Wilderness programs are usually designed for young people. Experienced counselors guide clients on camping and hiking trips, living together in a challenging yet safe environment that facilitates personal growth and allows for significant professional intervention. Wilderness programs allow young people to get away from the environments in which they were having problems, and give them a dramatic opportunity to start living a healthy, drug-free lifestyle. Wilderness programs are intense, short-term residential programs that students usually attend for no more than a few months.

Inpatient programs are usually connected to a hospital or large medical center. People who are abusing drugs can become patients within special units, where they work with psychological counselors and doctors on a 24-hour basis. These programs were more common in the past, but have become less commonplace because insurance companies are less likely to pay for them.

Outpatient programs are usually connected to a hospital, medical center, or drug clinic. After detoxification is over, people attend classes at their centers every day as if it were their nine-to-five job, and then go home at night. Some programs require people to attend only a few days a week. While this alternative is usually less expensive than full time enrollment in a residential program, it is hard for some people to remain in their old environments — near their drug dealers and drug-using friends — and still remain abstinent. These programs work best for people who had been abusing substances, but had not developed a dependency or addiction.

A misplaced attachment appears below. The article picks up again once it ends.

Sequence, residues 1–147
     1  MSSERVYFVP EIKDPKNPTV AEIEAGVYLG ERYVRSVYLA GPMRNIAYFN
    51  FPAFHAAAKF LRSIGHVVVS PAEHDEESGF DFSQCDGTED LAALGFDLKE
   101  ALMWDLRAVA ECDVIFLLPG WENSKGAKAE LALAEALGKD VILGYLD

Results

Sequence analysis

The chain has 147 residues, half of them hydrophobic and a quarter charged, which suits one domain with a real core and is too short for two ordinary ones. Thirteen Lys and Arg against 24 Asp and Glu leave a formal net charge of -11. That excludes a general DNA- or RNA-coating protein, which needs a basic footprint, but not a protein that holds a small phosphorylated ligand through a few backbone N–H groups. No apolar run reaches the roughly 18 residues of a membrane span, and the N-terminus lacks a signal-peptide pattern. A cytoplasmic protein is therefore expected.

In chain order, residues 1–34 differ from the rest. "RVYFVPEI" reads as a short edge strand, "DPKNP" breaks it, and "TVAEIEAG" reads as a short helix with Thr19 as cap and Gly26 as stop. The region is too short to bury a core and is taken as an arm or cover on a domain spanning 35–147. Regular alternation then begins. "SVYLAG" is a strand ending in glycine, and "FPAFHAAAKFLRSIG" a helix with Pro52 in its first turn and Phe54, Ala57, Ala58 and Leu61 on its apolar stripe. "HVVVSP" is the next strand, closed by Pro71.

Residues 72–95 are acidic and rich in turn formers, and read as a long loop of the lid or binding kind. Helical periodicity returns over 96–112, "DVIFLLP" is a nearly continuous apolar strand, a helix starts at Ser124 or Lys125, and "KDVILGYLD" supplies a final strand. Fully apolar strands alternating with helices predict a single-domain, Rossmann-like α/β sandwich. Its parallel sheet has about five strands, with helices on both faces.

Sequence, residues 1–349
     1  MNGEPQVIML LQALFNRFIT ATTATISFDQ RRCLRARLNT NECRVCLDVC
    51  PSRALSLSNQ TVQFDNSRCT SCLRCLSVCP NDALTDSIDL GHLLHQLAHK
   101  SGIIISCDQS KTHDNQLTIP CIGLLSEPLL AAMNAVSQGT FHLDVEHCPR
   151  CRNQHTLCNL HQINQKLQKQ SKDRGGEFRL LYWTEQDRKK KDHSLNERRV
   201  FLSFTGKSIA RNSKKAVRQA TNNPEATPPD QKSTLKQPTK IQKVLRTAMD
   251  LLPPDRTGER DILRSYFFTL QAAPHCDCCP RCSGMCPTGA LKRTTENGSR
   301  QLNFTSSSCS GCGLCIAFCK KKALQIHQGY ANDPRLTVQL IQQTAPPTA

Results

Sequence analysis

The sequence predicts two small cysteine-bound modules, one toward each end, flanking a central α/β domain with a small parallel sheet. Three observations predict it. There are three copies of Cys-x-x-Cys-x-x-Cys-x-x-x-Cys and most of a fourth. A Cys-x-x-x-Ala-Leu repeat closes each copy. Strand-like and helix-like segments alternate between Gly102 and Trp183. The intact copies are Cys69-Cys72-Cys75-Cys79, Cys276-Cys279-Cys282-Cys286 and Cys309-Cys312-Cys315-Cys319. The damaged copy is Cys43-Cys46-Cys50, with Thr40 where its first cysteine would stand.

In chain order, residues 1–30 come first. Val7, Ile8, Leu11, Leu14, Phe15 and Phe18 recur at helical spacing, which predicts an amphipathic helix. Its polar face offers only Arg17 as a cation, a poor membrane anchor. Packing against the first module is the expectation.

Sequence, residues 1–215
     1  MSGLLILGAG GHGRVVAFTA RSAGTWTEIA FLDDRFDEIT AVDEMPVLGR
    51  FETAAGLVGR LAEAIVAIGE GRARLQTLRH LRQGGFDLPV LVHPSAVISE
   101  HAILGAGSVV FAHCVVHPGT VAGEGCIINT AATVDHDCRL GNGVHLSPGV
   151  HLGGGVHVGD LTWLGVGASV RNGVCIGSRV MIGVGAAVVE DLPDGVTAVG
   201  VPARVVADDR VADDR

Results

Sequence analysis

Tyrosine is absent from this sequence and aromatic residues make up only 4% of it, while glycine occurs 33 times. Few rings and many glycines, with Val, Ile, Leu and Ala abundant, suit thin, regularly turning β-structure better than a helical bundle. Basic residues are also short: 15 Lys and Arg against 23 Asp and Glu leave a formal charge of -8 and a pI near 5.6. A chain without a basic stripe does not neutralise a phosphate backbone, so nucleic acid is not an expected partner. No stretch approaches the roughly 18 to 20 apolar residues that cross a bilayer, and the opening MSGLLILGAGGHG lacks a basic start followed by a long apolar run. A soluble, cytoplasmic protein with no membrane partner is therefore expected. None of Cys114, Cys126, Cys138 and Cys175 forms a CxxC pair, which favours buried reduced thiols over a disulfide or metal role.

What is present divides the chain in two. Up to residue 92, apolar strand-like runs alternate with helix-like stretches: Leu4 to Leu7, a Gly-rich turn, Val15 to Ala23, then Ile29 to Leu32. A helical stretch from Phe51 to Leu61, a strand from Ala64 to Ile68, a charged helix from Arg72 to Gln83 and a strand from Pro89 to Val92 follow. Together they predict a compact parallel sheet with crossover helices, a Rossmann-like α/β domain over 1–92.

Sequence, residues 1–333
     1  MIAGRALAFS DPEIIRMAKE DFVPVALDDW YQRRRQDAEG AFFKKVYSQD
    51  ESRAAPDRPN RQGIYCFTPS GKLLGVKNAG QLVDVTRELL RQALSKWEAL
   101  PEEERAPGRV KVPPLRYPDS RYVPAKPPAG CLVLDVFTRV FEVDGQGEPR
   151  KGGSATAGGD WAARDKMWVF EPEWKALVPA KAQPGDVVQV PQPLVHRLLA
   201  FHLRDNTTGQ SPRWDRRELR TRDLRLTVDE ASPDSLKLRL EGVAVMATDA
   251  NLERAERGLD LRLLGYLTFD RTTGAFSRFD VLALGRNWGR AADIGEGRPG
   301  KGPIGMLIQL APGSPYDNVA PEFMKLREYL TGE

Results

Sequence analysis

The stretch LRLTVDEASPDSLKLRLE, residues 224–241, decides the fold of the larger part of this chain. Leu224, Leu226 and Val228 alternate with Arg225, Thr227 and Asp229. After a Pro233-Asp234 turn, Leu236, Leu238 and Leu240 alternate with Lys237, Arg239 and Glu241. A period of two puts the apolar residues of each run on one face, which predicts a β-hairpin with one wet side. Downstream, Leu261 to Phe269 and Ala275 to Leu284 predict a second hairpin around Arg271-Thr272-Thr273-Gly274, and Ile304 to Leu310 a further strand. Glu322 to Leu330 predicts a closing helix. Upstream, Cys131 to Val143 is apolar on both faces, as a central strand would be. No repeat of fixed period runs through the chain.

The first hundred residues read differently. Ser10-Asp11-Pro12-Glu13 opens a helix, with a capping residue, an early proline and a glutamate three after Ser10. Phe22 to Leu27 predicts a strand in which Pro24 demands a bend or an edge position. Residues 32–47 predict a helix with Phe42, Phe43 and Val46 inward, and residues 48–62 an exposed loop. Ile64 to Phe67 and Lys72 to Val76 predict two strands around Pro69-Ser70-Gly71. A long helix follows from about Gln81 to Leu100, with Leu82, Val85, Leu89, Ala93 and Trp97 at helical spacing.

Methadone clinics provide access to counseling services as well as professionally supervised medically assisted addiction treatment. Heroin addicts go to methadone clinics every day in order to take oral doses of methadone, which allows them to stop using heroin without experiencing withdrawal or cravings. Some methadone clinic clients eventually choose to go into a program that gradually weans them from their dependence upon methadone.

How do I find out which residential drug rehabilitation program is best for me?

It is important to think about what you want to achieve and to set new goals for yourself as you work through your drug rehabilitation program. Drug rehabilitation is not just about ending an addiction, but about pursuing a healthier lifestyle.

Do you want to develop a new sport or hobby that requires a certain geographical setting? For example, let’s say you always wanted to take up skiing — you may opt to go into drug rehabilitation in Utah or some other area that is home to winter sports. If privacy and discretion are among your top concerns, you may choose a luxury or executive program located a distance from where you currently live and work.

What types of accreditation or certifications should I look for in a drug treatment program?